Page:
The best education debate in the world

24th August 2018 at 00:00
England might not be at the top of the global rankings just yet, but it is having the most important conversation in international education, writes Matt Hood. While the debate elsewhere is led by bureaucrats and businesses, here we have teachers and school leaders constantly presenting new ideas and putting them to brilliant use in the classroom

At a conference for teachers in Manchester last year, I said that I was proud to work in England’s excellent comprehensive education system, and that I was optimistic about its future. I still am. I also said that for us to move from the top tier of the education system to the first-place podium, we have to become the best place in the world to be a teacher. I think we’re on the right track.

Despite what we’re sometimes led to believe, we are a top-tier education system. That’s where the international league tables place us. Our teachers are amongst the most qualified in the world and have strong reading, maths and science scores across the range of studies. Of course, Talis, Pirls, Pisa and the like also show we have more to do – we’re not on the podium popping the champagne just yet – but our standing is huge cause for optimism. And we need that optimism: nobody ever gets to the podium without it.

 

Over the past year, I’ve been eyeing up the competition. I’ve been lucky enough to talk to many of those working to improve education in other countries. I’ve conducted my own research, debated, watched others debate and listened to the evidence and ideas that are shaping education systems around the world. I even got to meet Andria Zafirakou, a teacher from London, win the Global Teacher Prize at the Varkey Foundation’s Global Education and Skills Forum in Dubai.

I’ve also been fortunate to listen to, visit and read the work of teachers, academics and school leaders here in England. I took a trip to see Hannah Wilson and her team at Aureus School in Didcot, read papers like Peps Mccrea’s Learning - What is it, and how might we catalyse it?, had sneaky previews of books like The Teacher Gap from Professor Becky Allen and Dr Sam Sims and attended events such as the Ambition School Leadership’s Executive Educators Conference.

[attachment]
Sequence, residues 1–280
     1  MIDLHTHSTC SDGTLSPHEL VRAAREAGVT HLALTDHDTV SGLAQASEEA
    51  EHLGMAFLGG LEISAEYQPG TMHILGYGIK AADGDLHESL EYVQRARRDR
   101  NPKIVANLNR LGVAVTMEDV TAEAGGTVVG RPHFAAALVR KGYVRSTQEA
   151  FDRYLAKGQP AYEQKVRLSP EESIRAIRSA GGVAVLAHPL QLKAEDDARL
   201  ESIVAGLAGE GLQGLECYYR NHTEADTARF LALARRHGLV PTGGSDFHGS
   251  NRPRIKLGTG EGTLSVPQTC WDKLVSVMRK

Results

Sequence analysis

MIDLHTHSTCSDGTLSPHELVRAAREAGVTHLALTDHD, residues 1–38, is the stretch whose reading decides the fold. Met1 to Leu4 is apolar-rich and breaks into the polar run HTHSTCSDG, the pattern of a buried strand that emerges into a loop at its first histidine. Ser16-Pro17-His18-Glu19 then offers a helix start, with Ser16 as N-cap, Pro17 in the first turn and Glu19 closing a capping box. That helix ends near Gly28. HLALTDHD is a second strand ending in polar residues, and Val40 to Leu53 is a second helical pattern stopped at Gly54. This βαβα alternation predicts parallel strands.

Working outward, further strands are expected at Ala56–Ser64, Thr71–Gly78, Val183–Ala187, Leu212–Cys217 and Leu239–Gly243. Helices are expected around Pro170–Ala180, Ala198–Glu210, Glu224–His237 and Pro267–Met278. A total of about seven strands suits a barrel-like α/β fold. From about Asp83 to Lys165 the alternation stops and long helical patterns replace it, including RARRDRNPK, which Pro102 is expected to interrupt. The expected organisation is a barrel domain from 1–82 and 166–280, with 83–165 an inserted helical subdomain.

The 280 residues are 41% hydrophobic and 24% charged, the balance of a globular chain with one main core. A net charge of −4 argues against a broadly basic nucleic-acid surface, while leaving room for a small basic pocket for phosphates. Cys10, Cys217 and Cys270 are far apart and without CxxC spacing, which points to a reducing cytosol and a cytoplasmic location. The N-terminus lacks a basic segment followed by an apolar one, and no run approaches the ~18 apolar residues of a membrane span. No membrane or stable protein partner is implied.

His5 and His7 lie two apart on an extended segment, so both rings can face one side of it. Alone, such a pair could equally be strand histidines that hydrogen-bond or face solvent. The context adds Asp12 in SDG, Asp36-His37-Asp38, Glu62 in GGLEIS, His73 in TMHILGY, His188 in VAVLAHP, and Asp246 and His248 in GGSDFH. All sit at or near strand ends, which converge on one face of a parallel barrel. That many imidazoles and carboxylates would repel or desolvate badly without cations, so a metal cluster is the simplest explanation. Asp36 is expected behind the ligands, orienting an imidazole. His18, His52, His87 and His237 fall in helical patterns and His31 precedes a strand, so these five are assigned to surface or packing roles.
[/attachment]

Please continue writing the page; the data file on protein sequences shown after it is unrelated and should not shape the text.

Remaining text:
Talking our way to the top

The more I’m able to compare what’s going on around the world with what’s going on in England, the more clear our strength becomes. This strength is so important that I’m convinced that although we’re not at the top now, we’ve got the best chance of getting there. Nothing made me more sure than spending a Saturday in March with 300 teachers at a ResearchEd conference in Blackpool.

What solidified my convictions? Simple: England is having the best conversation about education in the world. This is the bit that the international league tables are missing.

Too often, the international conversation lacks evidence and rigour, is led by corporate interests and focuses on generic 21st-century skills, blockchain and futurology. In England, the conversation instead centres on discussions about curriculum, pedagogy, assessment and the rigorous academic literature about cognitive science.

The international conversation revolves around creating primary schools out of Stanford’s “design thinking principles” and treating literacy and numeracy as easy quick wins. In England, schools are using synthetic phonics to make sure every pupil learns how to read so that they can fall in love with books. The international conversation is led by a narrow clique of wonks and bureaucrats. In England, more and more teachers and school leaders have been unleashed and are constantly reading, writing, publishing and presenting to each other.

This conversation, and who is having it, matters. It matters because a simple ambition to make our education systems better isn’t good enough. Questions of what better is and how we achieve it are complex and contested, and it is teachers and school leaders who are best able to debate the options and choose the right path through.